For a couple of months last year, my go-to MMO was Tera, which was – I believe – the first and probably last ever attempt to take a Korean MMO, file some of the grindy pain off and adapt it for western tastes before sticking it in a $60 box with a monthly fee besides. It was actually pretty fun until I hit level cap, at which point I realized that I was rather burned out and had no interest in the endgame.
Anyway, Tera is famous for two things: First, it ditches the rather dull combat system of your typical MMO. Second, well, it has character designs where you probably wouldn’t want the PC to be sitting at the character select screen if your mum came to visit. This is the bit that usually comes up in conversation.
I was therefore rather surprised to read a discussion online which could be summed up as “well, yes, but if you think Tera is bad you ought to see Scarlet Blade”, which of course lead me to immediately look up Scarlet Blade. I do not recommend you do the same if you are at work or if you are browsing the web with your mum sitting behind you knitting a scarf, because it is, in a word, utterly shameless. That’s two words, I suppose, but I think it’s worth it.
The gist of Scarlet Blade is that it is based in a post-apocalyptic world where the surviving humans scratch out a tenuous living in a landscape that has come to be dominated by hellish mutant creatures determined to eat all the remaining humans and, I dunno, do hellish mutant creature things. As a character in this world, you take on the role of one of Humanity’s Saviors – an artificial human called an Arkana, with superhuman strength and abilities and also massive breasts and a tendency to wear battle armor consisting of a pair of thong panties and a platemail bra.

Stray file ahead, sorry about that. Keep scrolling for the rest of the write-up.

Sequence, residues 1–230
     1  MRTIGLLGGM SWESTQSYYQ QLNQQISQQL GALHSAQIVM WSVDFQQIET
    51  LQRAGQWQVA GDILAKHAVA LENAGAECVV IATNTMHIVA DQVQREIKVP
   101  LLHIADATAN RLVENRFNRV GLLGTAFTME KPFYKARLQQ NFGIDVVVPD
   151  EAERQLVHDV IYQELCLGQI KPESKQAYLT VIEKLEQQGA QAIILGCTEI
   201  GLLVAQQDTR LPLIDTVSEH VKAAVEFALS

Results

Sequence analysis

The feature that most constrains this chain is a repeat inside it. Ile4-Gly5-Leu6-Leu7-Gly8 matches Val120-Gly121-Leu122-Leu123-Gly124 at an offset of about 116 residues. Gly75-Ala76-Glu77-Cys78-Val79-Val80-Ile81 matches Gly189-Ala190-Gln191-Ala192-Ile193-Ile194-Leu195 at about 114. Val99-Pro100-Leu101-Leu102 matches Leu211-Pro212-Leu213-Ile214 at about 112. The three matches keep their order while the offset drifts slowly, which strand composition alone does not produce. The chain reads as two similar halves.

Co-incidentally, I realized that I hadn’t written anything truly snarky about any games recently, so I figured that I’d download it, give it a couple of hours, take a few screenshots and write a couple of pages decrying the depths to which MMO creators – and, by extension, humanity – have fallen, is there any hope for the species, etc etc etc.
I try to keep this blog fairly family-friendly, but this is where I put the rest of this post below the MORE link.
After creating a character – more on the character models later – this was the first quest NPC I was greeted by:
It’s… not subtle. I started taking notes.
I did some introductory quests to get my first weapon, got out into the world proper, and started whacking the beetles that represented my first targets. From beetles, I progressed to wolves and some sort of squid things. Nothing all that unusual, just the sorts of thing any MMO throws at you these days to get you used to the world.
It was around level 7 – so, maybe half an hour into playing – when I started noticing people in zone chat complaining that they had logged off and lost hours of work because the server wasn’t properly saving. When you start a game with the express intent of writing a snarky article about it, this is more or less the clouds parting on a rainy day to let a single perfect beam of sunlight through, and I tested this by logging off and confirming that my character had been rolled back to level 1, which was a beautiful way to end the session.
I went back the next day because I hadn’t taken quite enough screenshots and because I figured that I needed some more ammunition.
The server I’d started on, unsurprisingly, was offline, and the game’s official forums were full of all the wonderful drama you could imagine, so I started a new character, a “whipper” (a sort of tanky DPS class), on a different server, hit the “randomize features” button a couple of times and started over, and this is where I get back to the character models, because this is what she looked like AFTER getting armor on:
…and, yes, the game has pretty much non-stop bounce animations.
About the point I hit level 12, however, I realized that, even though most of the quests I was asked to do were of the sort where, well, let’s let one of the game’s NPCs sum it up:
…yeah, it’s pretty much all that all the time. Oh, and the creatures in this specific quest, which you are specifically killing FOR THEIR ANTLERS, are “frost does” (not, say, “frost bucks”) so apparently nuclear holocausts have caused some pretty wacky mutations in the local deer.
…I was actually kind of starting to enjoy the post-apocalyptic setting and the occasional genuinely-funny bit of dialogue:
…and that’s when I decided that, instead of just writing a snarky look-at-this-isn’t-this-terrible review, I would start a THIRD newbie and actually treat it like a serious game, trying to ignore the fact that every character was walking around with two basketballs stapled to her chest.
I’ll come back to that in the next post.